In the late summer of 1786, the Continental Congress authorized a meeting in Annapolis, Maryland to address the problem of burdensome restrictions placed by the various states on interstate commerce. Only five states sent representatives. Lacking a quorum, they were unable to conduct business. So, with time on their hands, a group of them planned a rebellion.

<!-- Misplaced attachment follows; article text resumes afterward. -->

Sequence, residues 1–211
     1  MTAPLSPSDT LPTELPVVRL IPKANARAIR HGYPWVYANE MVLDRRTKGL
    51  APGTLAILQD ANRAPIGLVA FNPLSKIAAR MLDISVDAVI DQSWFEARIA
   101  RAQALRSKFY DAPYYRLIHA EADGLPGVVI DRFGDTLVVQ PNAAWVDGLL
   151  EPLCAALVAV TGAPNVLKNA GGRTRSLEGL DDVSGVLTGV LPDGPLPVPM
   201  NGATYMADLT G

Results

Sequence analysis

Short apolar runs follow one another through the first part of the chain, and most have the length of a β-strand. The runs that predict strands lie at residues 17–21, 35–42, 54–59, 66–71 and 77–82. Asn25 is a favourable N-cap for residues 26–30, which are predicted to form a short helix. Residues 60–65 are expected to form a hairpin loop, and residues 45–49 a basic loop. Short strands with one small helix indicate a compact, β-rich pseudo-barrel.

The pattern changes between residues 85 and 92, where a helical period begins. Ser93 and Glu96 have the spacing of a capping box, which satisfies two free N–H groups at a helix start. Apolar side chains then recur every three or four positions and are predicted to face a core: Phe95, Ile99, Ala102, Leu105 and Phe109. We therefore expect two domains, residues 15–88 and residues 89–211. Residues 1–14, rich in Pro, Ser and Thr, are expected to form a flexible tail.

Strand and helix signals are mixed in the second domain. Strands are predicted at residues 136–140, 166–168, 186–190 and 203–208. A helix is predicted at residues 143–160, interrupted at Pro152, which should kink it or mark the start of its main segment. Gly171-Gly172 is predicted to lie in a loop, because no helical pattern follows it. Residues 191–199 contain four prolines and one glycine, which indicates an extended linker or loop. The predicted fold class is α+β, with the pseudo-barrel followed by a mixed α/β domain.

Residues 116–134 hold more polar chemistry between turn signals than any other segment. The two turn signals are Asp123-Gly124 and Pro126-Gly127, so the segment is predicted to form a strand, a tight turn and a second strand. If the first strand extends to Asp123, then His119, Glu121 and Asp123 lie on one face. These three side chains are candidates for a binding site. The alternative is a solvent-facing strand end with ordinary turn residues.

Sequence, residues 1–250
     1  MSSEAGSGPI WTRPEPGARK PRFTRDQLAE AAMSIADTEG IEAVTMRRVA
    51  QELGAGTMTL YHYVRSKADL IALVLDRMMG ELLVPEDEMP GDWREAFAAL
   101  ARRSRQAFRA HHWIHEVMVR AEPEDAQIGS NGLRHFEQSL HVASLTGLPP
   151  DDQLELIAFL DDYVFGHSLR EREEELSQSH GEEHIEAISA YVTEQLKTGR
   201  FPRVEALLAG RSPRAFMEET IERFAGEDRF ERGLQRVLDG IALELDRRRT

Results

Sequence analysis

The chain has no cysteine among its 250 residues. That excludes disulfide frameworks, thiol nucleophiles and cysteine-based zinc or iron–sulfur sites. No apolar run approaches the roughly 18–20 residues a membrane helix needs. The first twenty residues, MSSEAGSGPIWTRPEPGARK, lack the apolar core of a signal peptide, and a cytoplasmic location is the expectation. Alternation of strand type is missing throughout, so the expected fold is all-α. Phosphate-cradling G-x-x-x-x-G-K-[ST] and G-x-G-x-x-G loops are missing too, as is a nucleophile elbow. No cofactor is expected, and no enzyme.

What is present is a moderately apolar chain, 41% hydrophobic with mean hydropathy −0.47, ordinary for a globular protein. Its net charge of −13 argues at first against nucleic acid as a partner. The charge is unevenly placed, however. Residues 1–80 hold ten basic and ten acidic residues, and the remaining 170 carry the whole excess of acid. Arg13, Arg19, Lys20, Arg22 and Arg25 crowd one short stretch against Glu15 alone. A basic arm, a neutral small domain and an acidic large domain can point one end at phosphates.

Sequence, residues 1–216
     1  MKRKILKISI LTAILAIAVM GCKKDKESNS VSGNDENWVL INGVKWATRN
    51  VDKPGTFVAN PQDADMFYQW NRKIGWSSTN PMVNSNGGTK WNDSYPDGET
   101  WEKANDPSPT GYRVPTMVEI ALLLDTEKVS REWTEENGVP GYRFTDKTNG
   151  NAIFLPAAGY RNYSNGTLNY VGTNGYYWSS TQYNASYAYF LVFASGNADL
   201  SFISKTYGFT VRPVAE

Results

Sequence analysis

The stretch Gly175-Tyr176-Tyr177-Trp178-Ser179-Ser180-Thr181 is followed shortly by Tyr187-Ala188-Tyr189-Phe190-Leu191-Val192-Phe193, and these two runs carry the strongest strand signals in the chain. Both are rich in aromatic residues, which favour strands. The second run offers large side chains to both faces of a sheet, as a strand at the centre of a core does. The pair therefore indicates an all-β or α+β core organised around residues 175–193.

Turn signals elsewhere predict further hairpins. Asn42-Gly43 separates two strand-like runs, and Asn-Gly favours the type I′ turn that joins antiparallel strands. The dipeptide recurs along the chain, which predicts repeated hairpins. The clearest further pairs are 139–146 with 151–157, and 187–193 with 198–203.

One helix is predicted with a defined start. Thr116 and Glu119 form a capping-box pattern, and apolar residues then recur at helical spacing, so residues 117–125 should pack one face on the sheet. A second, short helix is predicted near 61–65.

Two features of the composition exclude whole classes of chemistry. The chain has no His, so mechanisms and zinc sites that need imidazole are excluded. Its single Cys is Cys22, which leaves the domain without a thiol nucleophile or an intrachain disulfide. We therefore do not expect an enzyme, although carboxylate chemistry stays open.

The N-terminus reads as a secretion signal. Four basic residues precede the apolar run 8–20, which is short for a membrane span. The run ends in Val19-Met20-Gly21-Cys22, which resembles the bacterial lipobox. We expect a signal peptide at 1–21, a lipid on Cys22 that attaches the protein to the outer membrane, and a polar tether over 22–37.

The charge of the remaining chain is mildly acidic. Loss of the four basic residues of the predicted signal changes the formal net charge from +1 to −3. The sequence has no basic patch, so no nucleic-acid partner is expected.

The first step in their plot was to send a seemingly innocuous letter—penned by Alexander Hamilton—to the Continental Congress. In this missive, he asked Congress to direct the states to appoint commissioners to gather in Philadelphia in May of 1787 to consider such changes to the Articles of Confederation as would “render the constitution of the federal government adequate to the exigencies of the union.” Congress assented to their request but limited the remit of the Philadelphia gathering to revising the Articles of Confederation.Continue reading “The Brightest or the Blackest Page”